Trickle Down Vitriol against Trump Supporters

It looks like there has been a coordinated effort to demean Trump supporters, but the only evidence we have is in disparaging epithets published over the past several months. We may never know who sent out the ‘trash Trump supporters’ talking point, but we do know various media outlets on the right, and their pundits, have been on the same page that, if you vote for Trump, you’re a loser.

The loudest anti-Trump/supporter voices are conservatives within the elite media complex including National Review, Townhall.com, RedState, and Glenn Beck’s The Blaze. Think tanks like American Enterprise Institute and Cato Institute, both funded by the Kochs have also weighed in.

Just yesterday National Review, fresh off facing enormous backlash over their Gang of 22 "Against Trump" article from last week, decided to go after Trump voters. Expanding on the "low-info" label, NR's Kevin Williamson stated, "But his enthusiasts, devoid as they are of a literate politics capable of thinking about all three sides of a triangle at the same time, take a kind of homeopathic view of Trump."

It’s one thing for conservatives to go against liberals and call their followers ‘zombies’ and ‘Kool-Aid drinkers,' but high profile media groups on the right are calling hundreds of thousands of Americans attending Trump rallies "embarrassing," "low-information," and "cult-followers." How is eating your own going to win an election?

Here are some examples of the vitriol against Trump supporters:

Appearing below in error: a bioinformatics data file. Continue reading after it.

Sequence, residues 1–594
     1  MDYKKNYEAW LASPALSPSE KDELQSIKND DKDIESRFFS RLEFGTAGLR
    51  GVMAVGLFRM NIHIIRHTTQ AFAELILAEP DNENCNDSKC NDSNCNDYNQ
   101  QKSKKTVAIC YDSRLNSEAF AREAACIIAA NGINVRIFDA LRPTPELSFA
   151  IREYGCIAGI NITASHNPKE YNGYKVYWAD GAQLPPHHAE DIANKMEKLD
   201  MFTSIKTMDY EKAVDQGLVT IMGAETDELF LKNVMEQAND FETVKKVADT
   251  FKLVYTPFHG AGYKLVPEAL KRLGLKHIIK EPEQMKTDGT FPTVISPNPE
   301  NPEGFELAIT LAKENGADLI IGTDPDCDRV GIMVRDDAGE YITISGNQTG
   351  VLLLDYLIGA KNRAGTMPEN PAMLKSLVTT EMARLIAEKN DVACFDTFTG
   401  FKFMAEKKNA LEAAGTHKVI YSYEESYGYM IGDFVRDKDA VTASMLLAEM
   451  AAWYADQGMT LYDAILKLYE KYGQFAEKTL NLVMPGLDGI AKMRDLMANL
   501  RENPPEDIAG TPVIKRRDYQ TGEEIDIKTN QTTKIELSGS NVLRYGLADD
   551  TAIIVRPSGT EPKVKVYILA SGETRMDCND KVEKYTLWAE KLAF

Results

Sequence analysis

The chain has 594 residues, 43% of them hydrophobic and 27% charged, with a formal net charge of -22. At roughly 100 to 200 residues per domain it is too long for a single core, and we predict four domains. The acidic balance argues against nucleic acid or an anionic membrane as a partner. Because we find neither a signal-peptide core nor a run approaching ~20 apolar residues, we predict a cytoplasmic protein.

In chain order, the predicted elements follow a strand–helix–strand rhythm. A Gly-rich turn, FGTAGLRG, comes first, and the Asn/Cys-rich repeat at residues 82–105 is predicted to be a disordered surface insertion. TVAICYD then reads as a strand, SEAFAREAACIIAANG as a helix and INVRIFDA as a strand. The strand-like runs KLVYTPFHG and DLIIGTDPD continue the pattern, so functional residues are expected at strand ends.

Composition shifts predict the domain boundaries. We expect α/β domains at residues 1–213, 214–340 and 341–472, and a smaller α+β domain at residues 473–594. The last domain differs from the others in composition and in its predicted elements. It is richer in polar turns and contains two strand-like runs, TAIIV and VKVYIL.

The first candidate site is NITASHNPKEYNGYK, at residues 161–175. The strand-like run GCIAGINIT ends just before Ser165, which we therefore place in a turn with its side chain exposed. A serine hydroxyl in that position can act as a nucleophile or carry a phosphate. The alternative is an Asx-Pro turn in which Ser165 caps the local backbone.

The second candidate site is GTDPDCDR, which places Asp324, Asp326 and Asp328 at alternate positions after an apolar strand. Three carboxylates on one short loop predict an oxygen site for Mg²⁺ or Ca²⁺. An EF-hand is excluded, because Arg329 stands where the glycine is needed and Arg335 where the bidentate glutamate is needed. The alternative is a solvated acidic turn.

 Headline Cato Institute: “Does Donald Trump Really Do Best Among Less Educated Voters?”

 “The real problem are his supporters...I am angry at these people. They know better than this. They are better than this. And it pains me that these reckless, bored people are coming, presumably, from the conservative ranks.” American Thinker

 “And Donald Trump’s voters are what they call low-information voters”—David Brooks, PBS

Arthur Brooks, American Enterprise Institute…accused the Trump supporters of being “low information voters.”

 Headline Before Its News: “Is Donald Trump a Cult Leader for Racially Resentful, Low Information, Right-wing, White Voters?”

 Headline The Blaze: “To Trump Disciples: You’re Embarrassing Conservatism and Yourselves”

Last May, a month before Donald Trump announced his candidacy, Breitbart's editor-in-chief Ben Shapiro bemoaned the Republican establishment's "big tent party collapse":

Just look at the Republican field today: an agglomeration of random humans appealing to small segments of the population. The Republican Party has now fragmented into Tea Party Republicans who oppose Establishment Republicans, Socially Conservative Republicans who oppose Libertarian Republicans. None of these candidates are running for the nomination; all of them are running for approximately 25 percent of the vote in a primary. Winning one quarter of primary voters in the early states could win the nomination. 

Seven months later, the Republicans have a candidate who cuts across all lines, bringing in evangelicals, Latinos, Catholics, blue collar workers, Democrats, Independents, moderate Republicans, blacks, millennials and middle-class voters. Shapiro and his colleagues should be thrilled--but not so much.

For the self-appointed arbiters of conservatism, Trump just doesn't have the right stuff and his followers don’t either.